Interestingly enough, and here’s the kicker, I’m having no such problem with Destiny.  Take a look at Rob’s review if you want to know more about our official take on the game, but suffice it to say that for me, apart from its stunning visuals, Bungie’s MMOFPS really doesn’t do all that much special.  Its story isn’t very compelling, content is thin and repetitive, item management and loot in general aren’t particularly interesting, and as Rob mentions, the requirement of constantly returning to orbit (and dealing with the requisite load times) to do anything is tiresome.  Importantly, however, the shooting mechanics are unquestionably solid, and the game is really fun to play.  Although I haven’t played nearly enough of it to provide a comprehensive opinion, I can definitely say that the core gameplay has grabbed me, and I’m enjoying it way more than its overall mediocre game systems would normally suggest.

Before assumptions are made about my predilection towards Destiny simply because it’s new, let me be very clear that I don’t think that it’s objectively a “better” or more well-made game than any of the others mentioned.  I’m fairly certain that I’ve gotten way more mileage out of LOTRO than can be offered by Destiny’s meager content, for example.  Furthermore, it’s not like Bungie’s game is reinventing the wheel for first-person shooters.  At its core, it offers the same stuff we’ve seen in the Halo series, along with everything before and since.  At the same time, the core combat experience is fun, and because of that, I’m willing to overlook other mediocre systems.

This preference begs the question: does the core gameplay experience - in this case, Destiny’s combat - trump other systems in terms of staying power?  I suppose it will depend on how we define core gameplay.  If, say, an innovative crafting system comprises the main activity in a sandbox-style MMO, then having a traditional combat system may not pose much of a draw or deterrent in any case.  Conversely, if we define core gameplay as combat, we might find that an exciting and fun combat system may have the potential to outshine any number of secondary systems.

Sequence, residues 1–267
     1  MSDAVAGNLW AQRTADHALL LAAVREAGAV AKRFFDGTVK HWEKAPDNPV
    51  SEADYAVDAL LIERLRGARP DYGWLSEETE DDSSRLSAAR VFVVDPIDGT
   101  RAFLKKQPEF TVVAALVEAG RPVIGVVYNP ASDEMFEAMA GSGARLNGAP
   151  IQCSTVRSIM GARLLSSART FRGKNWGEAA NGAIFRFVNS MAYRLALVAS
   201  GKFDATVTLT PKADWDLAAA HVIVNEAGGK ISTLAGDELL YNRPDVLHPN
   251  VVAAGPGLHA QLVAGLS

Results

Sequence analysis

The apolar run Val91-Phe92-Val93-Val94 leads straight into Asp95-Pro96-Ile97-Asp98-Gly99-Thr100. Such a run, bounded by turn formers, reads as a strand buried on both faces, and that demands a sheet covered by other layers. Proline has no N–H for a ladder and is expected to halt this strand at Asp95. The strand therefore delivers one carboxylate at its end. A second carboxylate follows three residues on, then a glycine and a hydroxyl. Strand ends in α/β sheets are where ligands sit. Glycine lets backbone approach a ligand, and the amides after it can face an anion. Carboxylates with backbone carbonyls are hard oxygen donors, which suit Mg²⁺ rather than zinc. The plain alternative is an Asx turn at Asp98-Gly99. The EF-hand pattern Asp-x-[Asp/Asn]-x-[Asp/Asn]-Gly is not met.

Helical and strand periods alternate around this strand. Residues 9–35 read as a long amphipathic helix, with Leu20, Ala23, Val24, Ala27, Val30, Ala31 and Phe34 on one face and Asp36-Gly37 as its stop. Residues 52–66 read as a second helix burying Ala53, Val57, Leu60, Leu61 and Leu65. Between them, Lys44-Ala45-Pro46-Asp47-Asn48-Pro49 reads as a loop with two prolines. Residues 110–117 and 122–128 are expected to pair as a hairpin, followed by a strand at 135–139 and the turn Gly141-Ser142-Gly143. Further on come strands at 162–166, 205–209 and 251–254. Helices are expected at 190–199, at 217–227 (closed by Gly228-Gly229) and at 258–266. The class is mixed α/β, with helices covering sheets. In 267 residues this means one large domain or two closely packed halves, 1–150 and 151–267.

At least for me, the obvious success story that flies in the face of this theory is Guild Wars 2ArenaNet’s flagship game tinkers with the aspects of mobility and skill selection mechanics within a traditional tab-targeting combat system.  It’s more of an evolution than revolution, and it works, but it’s not the freshest or most innovative combat system on the block.  At the same time, most of the secondary systems - particularly the way that exploration and dynamic events are handled - are super interesting to me, and outweigh any ennui I may have with the combat.  Guild Wars 2’s combat may just be “good enough,” but the game as a whole seems to have far more staying power in the gestalt of its secondary systems.

I suspect that the answer to the question of whether the core gameplay experience trumps other systems - whether gameplay trumps all - is a subjective one.  If farming, pirating, and engaging in a complex player economy are what you’re looking for, then it’s not going to matter to you that ArcheAge’s combat feels like more of the same.  Essentially, those other activities become your core gameplay experience.  On the other hand, in games for which combat is a central pillar, it may be difficult to get around a conventional or rote combat system.  Or, as is the case with Destiny for me, a game’s combat system could be fun enough to make you willing to ignore its other subpar features.

How do you define the core gameplay experience of an MMORPG?  And do you think that gameplay has the potential to outshine other systems in terms of staying power?

Som Pourfarzaneh / Som is a Staff Writer at MMORPG.com and a Lecturer in Media, Anthropology, and Religious Studies. He’s a former Community Manager for Neverwinter, the free-to-play Dungeons & Dragons MMORPG from Cryptic Studios and Perfect World Entertainment, and is unreasonably good at Maze Craze for the Atari 2600. You can exchange puns and chat (European) football with him on Twitter @sominator.